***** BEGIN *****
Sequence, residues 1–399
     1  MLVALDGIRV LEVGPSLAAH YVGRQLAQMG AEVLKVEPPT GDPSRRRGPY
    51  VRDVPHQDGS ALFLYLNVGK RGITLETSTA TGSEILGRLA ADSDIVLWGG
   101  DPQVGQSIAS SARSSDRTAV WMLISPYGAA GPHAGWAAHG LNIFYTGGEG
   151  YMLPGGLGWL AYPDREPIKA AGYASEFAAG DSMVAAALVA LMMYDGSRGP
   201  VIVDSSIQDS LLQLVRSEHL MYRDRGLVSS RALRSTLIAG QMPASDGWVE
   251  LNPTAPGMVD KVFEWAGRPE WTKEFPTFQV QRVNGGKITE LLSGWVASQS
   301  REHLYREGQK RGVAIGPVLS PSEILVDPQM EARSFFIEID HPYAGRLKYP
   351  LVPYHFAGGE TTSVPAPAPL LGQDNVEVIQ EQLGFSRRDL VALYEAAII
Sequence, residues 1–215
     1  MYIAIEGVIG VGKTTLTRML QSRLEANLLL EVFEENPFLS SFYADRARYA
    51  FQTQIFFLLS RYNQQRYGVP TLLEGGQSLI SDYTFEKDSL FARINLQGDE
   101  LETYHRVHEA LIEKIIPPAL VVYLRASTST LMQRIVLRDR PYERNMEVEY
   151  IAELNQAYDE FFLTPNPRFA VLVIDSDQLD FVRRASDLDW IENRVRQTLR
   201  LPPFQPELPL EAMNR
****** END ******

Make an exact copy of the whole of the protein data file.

Sequence, residues 1–399
     1  MLVALDGIRV LEVGPSLAAH YVGRQLAQMG AEVLKVEPPT GDPSRRRGPY
    51  VRDVPHQDGS ALFLYLNVGK RGITLETSTA TGSEILGRLA ADSDIVLWGG
   101  DPQVGQSIAS SARSSDRTAV WMLISPYGAA GPHAGWAAHG LNIFYTGGEG
   151  YMLPGGLGWL AYPDREPIKA AGYASEFAAG DSMVAAALVA LMMYDGSRGP
   201  VIVDSSIQDS LLQLVRSEHL MYRDRGLVSS RALRSTLIAG QMPASDGWVE
   251  LNPTAPGMVD KVFEWAGRPE WTKEFPTFQV QRVNGGKITE LLSGWVASQS
   301  REHLYREGQK RGVAIGPVLS PSEILVDPQM EARSFFIEID HPYAGRLKYP
   351  LVPYHFAGGE TTSVPAPAPL LGQDNVEVIQ EQLGFSRRDL VALYEAAII
Sequence, residues 1–215
     1  MYIAIEGVIG VGKTTLTRML QSRLEANLLL EVFEENPFLS SFYADRARYA
    51  FQTQIFFLLS RYNQQRYGVP TLLEGGQSLI SDYTFEKDSL FARINLQGDE
   101  LETYHRVHEA LIEKIIPPAL VVYLRASTST LMQRIVLRDR PYERNMEVEY
   151  IAELNQAYDE FFLTPNPRFA VLVIDSDQLD FVRRASDLDW IENRVRQTLR
   201  LPPFQPELPL EAMNR